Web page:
General Description: Similar to the classic traitor, this is a character who formerly was on the straight and narrow, but is either deceived or willing switches sides.


Notable Culprit: Anakin Skywalker from Star Wars is probably the best example for this kind of traitor. Once so passionate for justice and tender-hearted for the ones he loves, now he dresses in black, carries a red lightsaber, and enjoys choking his inferior officers to death.

Tips on Writing Them: Again, pain is your friend. While Hayden Christensen’s portrayal of Anakin in the prequels left something to be desired, if you take the time to watch the animated series or read the Expanded Universe, you can tell Anakin truly cared about his friends and loved ones. This makes his turn to the Dark Side that much more painful. Having a character’s passion deceived like this can make him a winning traitor, since the readers will weep for him like a lost friend and hope for the rest of the book that he might just come back to the fold. Plus, you can take the rest of the book showing the traitor’s conflict between fighting his friends, and fighting for what he now thinks is right.

3. The Remorseful Traitor

General Description: This is by far my favorite traitor. This guy is a combination of the two previous ones. He can either be bad from the beginning, or be deceived along the way, but by the end, he realizes his faults. Sometimes it’s too late for him to stop the evil he’s already caused, which can introduce guilt.


Notable Culprits: Edmund from The Lion, the Witch, and the Wardrobe is probably the most classic example. After the White Witch deceives him into helping her, rather than the Christ-like character of Aslan, Edmund is overcome with guilt and shame for what he’s done. But by the time he realizes what he’s done, Aslan chooses to sacrifice himself and takes Edmund’s death penalty.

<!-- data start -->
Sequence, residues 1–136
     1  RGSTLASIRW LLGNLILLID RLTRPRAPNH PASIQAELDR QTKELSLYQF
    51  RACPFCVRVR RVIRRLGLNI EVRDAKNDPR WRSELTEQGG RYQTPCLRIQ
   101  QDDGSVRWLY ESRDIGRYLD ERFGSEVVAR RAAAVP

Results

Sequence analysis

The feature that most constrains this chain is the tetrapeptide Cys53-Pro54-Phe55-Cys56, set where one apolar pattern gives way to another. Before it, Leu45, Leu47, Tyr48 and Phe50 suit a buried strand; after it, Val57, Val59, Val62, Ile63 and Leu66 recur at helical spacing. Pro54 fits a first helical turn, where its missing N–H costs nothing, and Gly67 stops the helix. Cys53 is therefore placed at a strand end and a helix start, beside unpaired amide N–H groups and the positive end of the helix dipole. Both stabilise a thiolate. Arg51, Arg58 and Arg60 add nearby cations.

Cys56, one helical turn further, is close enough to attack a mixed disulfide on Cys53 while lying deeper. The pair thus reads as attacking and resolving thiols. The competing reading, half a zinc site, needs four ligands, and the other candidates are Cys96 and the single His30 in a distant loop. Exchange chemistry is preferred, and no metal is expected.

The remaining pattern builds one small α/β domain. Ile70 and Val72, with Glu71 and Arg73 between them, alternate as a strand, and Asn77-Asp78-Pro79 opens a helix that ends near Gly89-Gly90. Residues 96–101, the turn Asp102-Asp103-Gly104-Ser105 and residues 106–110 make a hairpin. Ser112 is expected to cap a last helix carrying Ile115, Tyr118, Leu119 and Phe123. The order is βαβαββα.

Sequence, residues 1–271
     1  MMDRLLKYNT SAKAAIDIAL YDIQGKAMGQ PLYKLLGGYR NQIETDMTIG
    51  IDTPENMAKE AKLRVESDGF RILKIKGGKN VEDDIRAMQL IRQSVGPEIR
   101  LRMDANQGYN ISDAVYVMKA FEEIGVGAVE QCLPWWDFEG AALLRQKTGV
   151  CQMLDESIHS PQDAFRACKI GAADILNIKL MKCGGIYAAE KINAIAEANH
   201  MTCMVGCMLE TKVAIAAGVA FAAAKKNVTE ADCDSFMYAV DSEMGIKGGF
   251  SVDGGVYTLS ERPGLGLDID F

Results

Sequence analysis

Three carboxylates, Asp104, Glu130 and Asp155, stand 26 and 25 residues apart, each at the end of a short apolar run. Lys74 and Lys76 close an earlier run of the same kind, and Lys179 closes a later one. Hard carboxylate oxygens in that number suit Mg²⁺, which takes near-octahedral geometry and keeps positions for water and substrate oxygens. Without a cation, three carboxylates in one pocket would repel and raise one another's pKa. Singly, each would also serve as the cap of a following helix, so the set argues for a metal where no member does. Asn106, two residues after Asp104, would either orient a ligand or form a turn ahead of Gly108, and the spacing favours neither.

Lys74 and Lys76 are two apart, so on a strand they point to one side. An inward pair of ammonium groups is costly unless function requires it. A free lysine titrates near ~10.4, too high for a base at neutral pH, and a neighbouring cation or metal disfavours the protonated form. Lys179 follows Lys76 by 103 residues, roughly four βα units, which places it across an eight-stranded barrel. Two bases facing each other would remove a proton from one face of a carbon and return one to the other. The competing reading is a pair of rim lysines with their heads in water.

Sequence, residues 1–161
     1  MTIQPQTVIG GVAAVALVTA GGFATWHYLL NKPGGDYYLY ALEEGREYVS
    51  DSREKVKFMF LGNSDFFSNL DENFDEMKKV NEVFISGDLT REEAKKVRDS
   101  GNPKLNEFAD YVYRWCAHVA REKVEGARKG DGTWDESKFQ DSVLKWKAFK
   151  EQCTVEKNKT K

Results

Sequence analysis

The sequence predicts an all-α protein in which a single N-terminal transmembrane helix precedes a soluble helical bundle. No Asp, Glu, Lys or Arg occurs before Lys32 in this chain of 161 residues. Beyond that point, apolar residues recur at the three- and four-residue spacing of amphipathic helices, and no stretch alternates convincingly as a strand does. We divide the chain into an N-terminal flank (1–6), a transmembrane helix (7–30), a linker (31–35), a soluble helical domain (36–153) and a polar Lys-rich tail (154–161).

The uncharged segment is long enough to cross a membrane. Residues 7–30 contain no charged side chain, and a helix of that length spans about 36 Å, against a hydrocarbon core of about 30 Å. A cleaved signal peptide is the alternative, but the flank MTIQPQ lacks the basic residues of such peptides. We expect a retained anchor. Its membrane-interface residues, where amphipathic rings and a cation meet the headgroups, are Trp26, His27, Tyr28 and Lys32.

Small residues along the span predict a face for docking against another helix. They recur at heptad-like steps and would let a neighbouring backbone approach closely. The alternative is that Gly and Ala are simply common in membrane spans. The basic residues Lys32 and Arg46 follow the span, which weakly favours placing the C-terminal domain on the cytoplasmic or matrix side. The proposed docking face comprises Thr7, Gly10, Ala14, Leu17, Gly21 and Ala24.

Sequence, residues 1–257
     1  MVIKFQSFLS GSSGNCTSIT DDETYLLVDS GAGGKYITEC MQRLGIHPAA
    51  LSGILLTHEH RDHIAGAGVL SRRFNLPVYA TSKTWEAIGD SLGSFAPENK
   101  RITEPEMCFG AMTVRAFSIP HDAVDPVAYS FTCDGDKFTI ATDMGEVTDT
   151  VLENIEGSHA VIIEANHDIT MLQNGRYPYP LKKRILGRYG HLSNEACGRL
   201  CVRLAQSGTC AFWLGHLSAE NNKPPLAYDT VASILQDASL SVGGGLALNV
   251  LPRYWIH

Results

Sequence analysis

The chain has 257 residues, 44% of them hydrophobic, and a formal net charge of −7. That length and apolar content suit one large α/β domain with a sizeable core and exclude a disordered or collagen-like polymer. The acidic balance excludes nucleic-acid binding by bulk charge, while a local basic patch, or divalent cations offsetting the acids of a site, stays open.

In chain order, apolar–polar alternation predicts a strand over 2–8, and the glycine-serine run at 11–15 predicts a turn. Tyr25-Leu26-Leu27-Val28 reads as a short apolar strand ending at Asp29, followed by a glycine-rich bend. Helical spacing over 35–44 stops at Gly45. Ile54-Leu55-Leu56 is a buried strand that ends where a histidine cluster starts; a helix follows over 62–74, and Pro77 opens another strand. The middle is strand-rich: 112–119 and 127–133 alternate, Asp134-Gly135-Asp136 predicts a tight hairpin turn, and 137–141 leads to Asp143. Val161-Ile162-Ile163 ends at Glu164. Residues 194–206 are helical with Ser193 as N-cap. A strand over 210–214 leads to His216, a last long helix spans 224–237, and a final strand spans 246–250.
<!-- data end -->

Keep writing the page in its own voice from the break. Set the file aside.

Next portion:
Tips on Writing Them: As I’ve said, this is my favorite traitor. Probably because this kind of traitor can be literally anyone, even the protagonist, and reflects biblical human nature seen in the Gospel. When he realizes he’s put everyone he loves in danger, it’s too late to stop the carnage. Whether people are hurt, or a prominent character sacrifices himself to stop the doom, your traitor has to live with the consequences. You can throw guilt and shame on him, alienate him from people who used to be friends. Torment him with the desire to explain himself away with excuses and then realize it’s entirely his fault. Making him subject to the ones he betrayed creates extra tension between the characters. Will they forgive him? Can he be truly redeemed? After all, the path to redemption is one of the best stories in human history.

4. The Conflicted Traitor

General Description: This character doesn’t know what side he’s on. All he knows is he wants to win, and he thinks he wants to do right, but he’s not sure if he’s strong enough. This character is often pathetically weak-spined, easily manipulated, and tormented.